Please allow me to respond to a few of your comments.

    Obviously Lubna should be permitted to wear jeans but if she was asked to do otherwise, then it seems more reasonable for her to follow the regulations of such country.

    Lubna stated in her TV interview (to which a link was provided by Rachel, earlier) that hers is a legal battle. In addition, she stressed on the fact (if I heard well) that last year alone around 43,000 women were castigated in Sudan for “breaching” rules related to public wear. I would say that’s a pretty insane number. Clearly, she is also fighting for other women who may not be able to fight themselves owing to so many factors. So, more power to Lubna!

    To compare this to female mutilation is patently false because one harms the body of women while the other is just in reference to clothing.

    You are completely missing the point! Physical harm/injury (or lack of it) isn’t (or rather, can’t) be the basis of human progress. One can easily use your argument to come up with any number of insane conclusions. Let me furnish a few myself. “All women should stay indoors because it doesn’t lead to physical harm both in the short term and long term.” How about another one? “All women (non-Muslims included) should wear burqas because doing do doesn’t lead to injury.”

    While both of these are tradition one has long lasting effects to the well being of women. So you are right I don’t believe all traditions should be respected…

    All traditions (irrespective of their origin, divine or otherwise) should be discarded if they lead to the mutilation of human freedom. One must, I strongly believe, respect persons, not traditions.

  10. J-Bro Says:

    This is not a “tourists should follow local customs about dress if you don’t want to offend people” issue, like not wearing shorts in Morocco or something.

    Number one, Hussein is in fact a local, even though she happens to work for the UN. So it’s definitely her battle to fight if she chooses to.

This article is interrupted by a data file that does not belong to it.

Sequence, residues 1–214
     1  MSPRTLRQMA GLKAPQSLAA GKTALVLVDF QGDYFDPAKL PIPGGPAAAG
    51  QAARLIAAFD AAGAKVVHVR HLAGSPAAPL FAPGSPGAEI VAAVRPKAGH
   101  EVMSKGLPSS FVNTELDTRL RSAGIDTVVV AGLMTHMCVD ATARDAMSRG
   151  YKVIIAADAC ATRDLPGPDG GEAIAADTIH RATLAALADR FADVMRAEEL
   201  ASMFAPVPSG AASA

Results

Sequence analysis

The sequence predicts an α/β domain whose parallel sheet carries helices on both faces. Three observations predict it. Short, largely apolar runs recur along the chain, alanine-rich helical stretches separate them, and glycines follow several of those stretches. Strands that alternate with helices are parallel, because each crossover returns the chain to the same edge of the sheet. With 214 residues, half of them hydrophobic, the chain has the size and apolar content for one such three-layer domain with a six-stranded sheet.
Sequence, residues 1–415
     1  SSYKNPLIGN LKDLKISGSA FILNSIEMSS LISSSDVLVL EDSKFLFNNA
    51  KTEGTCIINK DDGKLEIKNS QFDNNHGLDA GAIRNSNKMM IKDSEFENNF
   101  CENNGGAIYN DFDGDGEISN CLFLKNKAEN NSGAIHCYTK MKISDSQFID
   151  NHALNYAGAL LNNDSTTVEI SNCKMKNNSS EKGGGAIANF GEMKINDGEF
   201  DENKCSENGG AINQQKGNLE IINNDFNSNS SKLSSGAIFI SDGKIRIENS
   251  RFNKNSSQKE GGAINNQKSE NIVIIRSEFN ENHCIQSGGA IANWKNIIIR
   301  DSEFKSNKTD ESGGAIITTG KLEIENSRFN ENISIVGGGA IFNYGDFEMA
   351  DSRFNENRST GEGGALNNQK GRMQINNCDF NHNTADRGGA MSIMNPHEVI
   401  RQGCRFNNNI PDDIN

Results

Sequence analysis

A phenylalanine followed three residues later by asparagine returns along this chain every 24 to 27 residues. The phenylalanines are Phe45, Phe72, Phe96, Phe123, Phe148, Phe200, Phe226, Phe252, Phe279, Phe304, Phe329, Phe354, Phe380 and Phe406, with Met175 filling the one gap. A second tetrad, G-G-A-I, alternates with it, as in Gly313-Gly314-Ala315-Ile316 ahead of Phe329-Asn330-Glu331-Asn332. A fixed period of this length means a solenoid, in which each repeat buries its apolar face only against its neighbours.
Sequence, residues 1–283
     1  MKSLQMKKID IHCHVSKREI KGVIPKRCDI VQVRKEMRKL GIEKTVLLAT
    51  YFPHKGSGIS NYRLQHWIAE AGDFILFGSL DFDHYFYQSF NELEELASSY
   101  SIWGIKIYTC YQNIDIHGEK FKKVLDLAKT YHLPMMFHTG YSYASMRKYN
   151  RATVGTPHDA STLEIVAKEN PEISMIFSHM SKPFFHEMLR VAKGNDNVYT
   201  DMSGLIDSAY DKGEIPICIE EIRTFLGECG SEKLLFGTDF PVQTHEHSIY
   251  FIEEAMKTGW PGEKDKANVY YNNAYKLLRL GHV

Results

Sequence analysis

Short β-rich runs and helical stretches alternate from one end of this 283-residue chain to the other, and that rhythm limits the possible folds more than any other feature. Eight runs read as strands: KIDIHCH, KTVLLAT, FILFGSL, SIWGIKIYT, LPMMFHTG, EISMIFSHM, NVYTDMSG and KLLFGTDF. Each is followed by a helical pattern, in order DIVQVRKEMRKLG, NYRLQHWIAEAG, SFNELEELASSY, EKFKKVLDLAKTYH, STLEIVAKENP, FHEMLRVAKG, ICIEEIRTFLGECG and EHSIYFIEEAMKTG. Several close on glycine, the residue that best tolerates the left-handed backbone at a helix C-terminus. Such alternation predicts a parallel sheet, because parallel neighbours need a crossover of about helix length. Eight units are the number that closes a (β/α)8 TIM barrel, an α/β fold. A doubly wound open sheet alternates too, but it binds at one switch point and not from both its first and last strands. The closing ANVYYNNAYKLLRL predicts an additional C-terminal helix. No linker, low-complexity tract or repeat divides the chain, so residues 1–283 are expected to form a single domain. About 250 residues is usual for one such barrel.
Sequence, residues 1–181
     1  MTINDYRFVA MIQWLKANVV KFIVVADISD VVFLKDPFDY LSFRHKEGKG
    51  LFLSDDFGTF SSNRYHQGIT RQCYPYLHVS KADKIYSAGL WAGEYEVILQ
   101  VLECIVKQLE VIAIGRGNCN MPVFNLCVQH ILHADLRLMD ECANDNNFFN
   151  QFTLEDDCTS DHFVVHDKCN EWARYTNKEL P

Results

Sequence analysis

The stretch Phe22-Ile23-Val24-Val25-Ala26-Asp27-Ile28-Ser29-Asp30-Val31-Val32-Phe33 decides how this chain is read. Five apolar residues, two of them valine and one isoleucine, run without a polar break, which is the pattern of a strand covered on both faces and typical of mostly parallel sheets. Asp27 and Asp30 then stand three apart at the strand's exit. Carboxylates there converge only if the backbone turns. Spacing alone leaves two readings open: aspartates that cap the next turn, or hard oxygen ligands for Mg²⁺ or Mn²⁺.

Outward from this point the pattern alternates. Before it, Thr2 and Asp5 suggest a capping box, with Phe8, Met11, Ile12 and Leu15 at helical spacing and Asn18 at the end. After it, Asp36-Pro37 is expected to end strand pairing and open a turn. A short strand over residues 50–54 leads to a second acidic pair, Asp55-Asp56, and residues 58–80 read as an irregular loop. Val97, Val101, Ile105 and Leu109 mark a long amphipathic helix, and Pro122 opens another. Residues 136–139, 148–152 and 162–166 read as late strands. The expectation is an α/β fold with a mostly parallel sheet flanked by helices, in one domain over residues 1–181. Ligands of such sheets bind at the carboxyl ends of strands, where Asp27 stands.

Number two, the Sudan actually has a law about this, so it isn’t just avoidance of offense, it’s avoidance of state action.

    Number three, the law carries a ridiculously harsh penalty; if it were the local equivalent of a $5 fine, this wouldn’t be such a big deal. (And no, I don’t feel any need to be respectful of Sudanese Islamist mores, so I’ll stick with “ridiculously”.)

  11. zahratein Says:

    Excuse me? This is ALL that matters in the world? What’s wrong with the people. Muslim women wear trousers ALL over the Muslim world. So WHAT?

    Stupid goverment. Shows they have nothing better to do, such time wasters.

  12. [...] “Lubna Hussein” and related posts Read The Full Article…“Lubna Hussein” and related posts [...]

  13. libhomo Says:

    Religion is so crazy.

  14. hippocampa Says:

    Religion does nothing, it’s people abusing religion who are crazy. That’s exactly what Lubna is saying.

  15. J-Bro Says:

    I’m not so sure. I think any belief system that makes certain claims immune to critical evaluation — as religion often does — tends to lead people toward not critically evaluating *any* claims made by people they see as being in authority.

  16. hippocampa Says:

    That’s still people doing that then. Religions have no agency.

  17. Sarah Says:

    There are such courts in the world Lubna, They are in the Islamic Republic of Iran. They are the same although with some difference in integrity of violence…

  18. tina Says:

    hey lubna. i really envy your guts. You know what you want. just go for it lady!

  19. Anonymous Says:

    is to wear traoser i its not as eriouse crime that she has coomit , but there was another political objective that she had has giribed

  20. Anonymous Says:

    I have just read about Lubna’s plight.I salute her bold defiance of the oppresive govt. of Sudan.